Highland Students Find Guidance, Resilience In Chicano Studies
Research shows that when students see their own culture and history reflected in their classwork, they do better in school. But most Hispanic and Latino students in New Mexico public schools don’t get that experience, at least not in the form of ethnic studies. Some schools have been experimenting with Mexican American and Chicano Studies classes to help kids succeed.
Enthusiasm for ethnic studies is starting to take hold across the nation, and advocates lean on a few successful case studies. One of those was in Tucson, Arizona. It was back before a ban on ethnic studies there made national headlines.
Diane Torres-Velasquez is an associate professor at UNM’s College of Education and president of the Latino Education Task Force. She said Tucson’s Mexican American Studies program, remarkably, closed the achievement gap there after just a few years.
"The achievement of Latino students kept rising and rising and rising, to the point where the gap was inverted," said Torres Velasquez, "until Latino students were actually doing better than their White and Asian American counterparts."
For the Tucson program to work so well, Dr. Torres Velasquez said all the teachers got in-depth training to debunk misconceptions about Hispanic students. "They were developing a mindset that being Latino was not a deficit," she said, "that the students had strengths and that they could achieve."
In southeast Albuquerque, Robert Frausto and others at Highland High School were closely following the Tuscon saga. Two-thirds of their students are Latino and Hispanic, and they were looking for ways to keep them in school. So in 2012, Frausto started recruiting for his own Chicano Studies class.
"I make it a practice of walking through the cafeteria every morning," Frausto said. "I’ll just stop stranger kids and say, 'hey, you’re gonna take my class next year.'" If he finds out a student is struggling in 9th grade, they’re likely to end up in Chicano Studies their sophomore year. "Once they’re in the class, I kind of step up! I track their absences and attendance in their other classes. I call home. I kind of ride herd on them until they graduate."
Frausto’s curriculum covers Aztec and Mayan cultures, the Mexican-American War, civil rights, all the way to contemporary Chicano activists and authors. One of the first lessons, he said, deals with colorism – a widely-held prejudice that lighter skin is better. "We can talk about güero, light skinned; preto, dark; moreno, brown," he explained. "And we can play with that in class, but we also live with the reality that we’re looked at differently."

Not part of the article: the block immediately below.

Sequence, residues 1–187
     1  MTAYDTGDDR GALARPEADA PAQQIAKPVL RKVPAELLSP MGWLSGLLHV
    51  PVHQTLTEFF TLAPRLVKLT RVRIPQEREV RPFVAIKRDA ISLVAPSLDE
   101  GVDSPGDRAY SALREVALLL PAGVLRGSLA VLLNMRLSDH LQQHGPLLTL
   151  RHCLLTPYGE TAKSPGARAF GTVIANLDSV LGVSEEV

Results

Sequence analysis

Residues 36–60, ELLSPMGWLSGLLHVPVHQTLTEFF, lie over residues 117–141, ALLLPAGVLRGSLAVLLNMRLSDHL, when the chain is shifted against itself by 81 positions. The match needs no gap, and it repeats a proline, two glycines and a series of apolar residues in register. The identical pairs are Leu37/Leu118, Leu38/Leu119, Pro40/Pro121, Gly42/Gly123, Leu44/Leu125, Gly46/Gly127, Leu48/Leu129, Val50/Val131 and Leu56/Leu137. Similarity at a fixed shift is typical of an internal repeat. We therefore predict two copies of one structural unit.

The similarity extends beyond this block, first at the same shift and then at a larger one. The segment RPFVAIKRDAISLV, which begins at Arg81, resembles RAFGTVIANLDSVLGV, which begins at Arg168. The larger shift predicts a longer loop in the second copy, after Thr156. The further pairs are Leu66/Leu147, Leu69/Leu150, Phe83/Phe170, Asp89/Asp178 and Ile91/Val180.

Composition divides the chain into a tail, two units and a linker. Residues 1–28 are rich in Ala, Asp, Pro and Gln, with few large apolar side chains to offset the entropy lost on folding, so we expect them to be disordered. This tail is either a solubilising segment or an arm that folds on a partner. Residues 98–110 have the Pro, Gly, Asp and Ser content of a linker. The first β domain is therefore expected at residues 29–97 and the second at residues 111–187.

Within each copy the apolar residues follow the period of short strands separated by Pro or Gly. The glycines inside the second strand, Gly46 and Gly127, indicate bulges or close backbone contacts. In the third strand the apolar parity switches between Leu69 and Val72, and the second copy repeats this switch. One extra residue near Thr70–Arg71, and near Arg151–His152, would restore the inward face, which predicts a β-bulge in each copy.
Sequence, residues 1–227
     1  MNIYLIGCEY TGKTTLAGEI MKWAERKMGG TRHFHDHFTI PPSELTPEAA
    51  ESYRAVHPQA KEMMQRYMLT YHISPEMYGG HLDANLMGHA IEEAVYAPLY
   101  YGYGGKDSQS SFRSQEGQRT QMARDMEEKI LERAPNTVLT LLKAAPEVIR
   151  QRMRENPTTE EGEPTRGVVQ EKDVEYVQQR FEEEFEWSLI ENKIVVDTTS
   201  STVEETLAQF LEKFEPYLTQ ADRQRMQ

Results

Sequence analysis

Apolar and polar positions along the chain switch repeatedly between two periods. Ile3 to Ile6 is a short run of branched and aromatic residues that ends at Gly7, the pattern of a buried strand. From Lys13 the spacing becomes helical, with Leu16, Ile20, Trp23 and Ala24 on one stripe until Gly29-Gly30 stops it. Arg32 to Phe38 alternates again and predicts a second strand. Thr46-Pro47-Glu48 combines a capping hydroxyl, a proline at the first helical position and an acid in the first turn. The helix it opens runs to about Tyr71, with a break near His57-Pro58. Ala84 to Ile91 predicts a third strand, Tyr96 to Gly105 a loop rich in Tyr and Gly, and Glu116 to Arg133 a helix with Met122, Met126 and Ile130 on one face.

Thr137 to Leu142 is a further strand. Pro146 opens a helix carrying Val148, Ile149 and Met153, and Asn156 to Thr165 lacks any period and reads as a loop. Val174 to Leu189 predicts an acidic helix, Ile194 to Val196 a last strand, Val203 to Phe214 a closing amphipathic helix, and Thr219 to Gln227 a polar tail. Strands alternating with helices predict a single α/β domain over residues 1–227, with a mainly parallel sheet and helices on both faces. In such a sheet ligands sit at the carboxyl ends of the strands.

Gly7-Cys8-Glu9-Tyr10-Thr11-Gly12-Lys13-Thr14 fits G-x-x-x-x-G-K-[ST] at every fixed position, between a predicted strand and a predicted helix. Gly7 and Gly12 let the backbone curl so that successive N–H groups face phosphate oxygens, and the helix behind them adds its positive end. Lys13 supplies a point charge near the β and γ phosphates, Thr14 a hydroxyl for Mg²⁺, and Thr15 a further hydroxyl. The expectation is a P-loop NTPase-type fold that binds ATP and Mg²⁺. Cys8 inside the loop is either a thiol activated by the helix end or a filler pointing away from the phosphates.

Osman Orta Aragon, a 16-year-old recent sophomore, met up with Frausto and me at Highland High School on a summer morning. It's a rare day off from his job at a fast food place. "I don't work today, and I just feel so relaxed and so happy," Osman sighed.
He was upbeat despite some bad stuff that’s been happening at work lately. He said one day a white customer came in and started making racist comments. Osman is Mexican-American, and he thinks the customer was reacting to his darker skin.
"He would be telling me, 'I don’t want that kid touching my food! He could be full of bacterias!'" he recalled.
It wasn’t just the one incident. Osman said that for a week, multiple customers made comments or asked for him not to cook, "so [management] would put me aside, to wash dishes or something like that. So I was hurt about people’s point of view of me."
"I think it's going back to that stereotype," said Frausto, "that Hispanics wanna take your job, they have diseases, they'll stab you in the back, and they wanna take your women. That stereotype persists to this day. And Osman is kind of living it."
Osman isn’t going to quit his job. Money is tight at home, he needs the paycheck; he's even eyeing a promotion to grill chef. As for the racist behavior, he gets that it comes out of a whole history of colonialism and oppression. And that’s thanks to Frausto’s class.
"He told us people are gonna come in and try to take you down, but eventually you have to be the greater person and stand up for yourself," said Osman. "His advice is one of the best I've ever got."
Time and data will tell whether Frausto’s Mexican-American Studies class is really keeping kids in school. He wants to enter UNM’s new Chicano Studies Ph.D. program, to crunch the numbers.
In the meantime, he’ll continue to start every Chicano Studies class with the same poem, called In Lak'Ech:
You are my other me. If I do harm to you, I do harm to myself. If I love and respect you, I love and respect myself.
Tú eres mi otro yo. Si te hago daño a ti, te hago daño a mi mismo. Si te amo y respeto, me amo y respeto yo.
Frausto hopes that poem gives his students a framework to deal with any discrimination and racism they face.
This story is part of KUNM's My Voice project that features stories driven by input from New Mexico students. Our media partners are New Mexico PBS and Generation Justice and funding for the project comes from the W.K. Kellogg Foundation.